But as marvelous as these innovations were, the T-64 had a sensitive 5TDF engine and unusual suspension–both prone to breaking down. As a result, the Soviet army deliberately assigned the tanks to units stationed close to its manufacturing plant in Kharkov.
Even worse, rumors circulated that the T-64’s new autoloader chomped off the arms of crew members who strayed too close. It’s a plausible scenario given the T-64’s tiny internal space.
While fixing the T-64A’s automotive maladies, the Soviets developed an interest in developing a new tank with a gas turbine engine. Gas turbines have high acceleration and an efficient power-to-weight ratio, can start quickly in cold weather without prior warm-up–a necessity in Russia’s frigid winters–and they’re lightweight.
On the downside, gas turbines guzzle fuel and have higher susceptibility to dirt and dust owing to their voracious air intake compared to conventional diesels.
The original base model T-80 didn’t enter active service until 1976–much later than planned. The Soviet tank industry had its hands full working out the T-64A’s kinks and gearing up for producing the T-72 as a cheaper backup option. At the same time, the Soviets were building more T-55s and T-62s for Arab allies which had lost hundreds of tanks during the 1973 Yom Kippur War.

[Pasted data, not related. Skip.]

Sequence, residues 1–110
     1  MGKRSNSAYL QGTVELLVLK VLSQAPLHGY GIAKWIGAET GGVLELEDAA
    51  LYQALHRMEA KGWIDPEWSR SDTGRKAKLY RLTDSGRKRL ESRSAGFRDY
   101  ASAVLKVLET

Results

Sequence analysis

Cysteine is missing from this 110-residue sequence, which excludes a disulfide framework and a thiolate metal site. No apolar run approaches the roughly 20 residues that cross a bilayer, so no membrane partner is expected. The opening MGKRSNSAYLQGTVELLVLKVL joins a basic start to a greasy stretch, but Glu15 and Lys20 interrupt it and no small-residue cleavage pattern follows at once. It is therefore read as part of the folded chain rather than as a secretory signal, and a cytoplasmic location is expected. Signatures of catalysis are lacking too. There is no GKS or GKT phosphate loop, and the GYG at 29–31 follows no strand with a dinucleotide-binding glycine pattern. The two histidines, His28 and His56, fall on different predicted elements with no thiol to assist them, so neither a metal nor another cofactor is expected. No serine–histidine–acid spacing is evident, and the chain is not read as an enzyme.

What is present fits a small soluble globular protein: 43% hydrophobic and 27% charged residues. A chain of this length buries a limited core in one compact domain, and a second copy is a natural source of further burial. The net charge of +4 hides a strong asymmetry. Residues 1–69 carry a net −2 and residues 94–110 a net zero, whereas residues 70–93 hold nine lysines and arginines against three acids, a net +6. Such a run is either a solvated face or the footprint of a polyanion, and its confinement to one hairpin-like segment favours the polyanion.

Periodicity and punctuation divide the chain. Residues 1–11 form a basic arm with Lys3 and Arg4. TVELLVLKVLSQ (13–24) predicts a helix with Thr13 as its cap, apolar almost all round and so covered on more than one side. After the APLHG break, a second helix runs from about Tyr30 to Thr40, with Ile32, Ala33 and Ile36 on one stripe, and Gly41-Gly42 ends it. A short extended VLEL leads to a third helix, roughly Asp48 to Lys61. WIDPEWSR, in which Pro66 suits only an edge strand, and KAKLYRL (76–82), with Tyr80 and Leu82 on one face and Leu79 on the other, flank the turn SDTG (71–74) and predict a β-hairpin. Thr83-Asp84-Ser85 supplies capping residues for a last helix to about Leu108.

The early-model T-80s also had their problems. In November 1975, the USSR’s then defense minister Andrei Grechko blocked the tank’s production because of its wasteful fuel consumption and few firepower advancements over the T-64A. Five more months passed before Grechko’s successor, Dmitriy Ustinov, authorized the new tank to go into production.
The original T-80’s production line continued for two years–not long–as it was already outclassed by the T-64B tank, which featured a new fire control system that could fire 9M112 Kobra missiles from its main gun. More serious, the T-80 was nearly three-and-a-half times more expensive than the T-64A.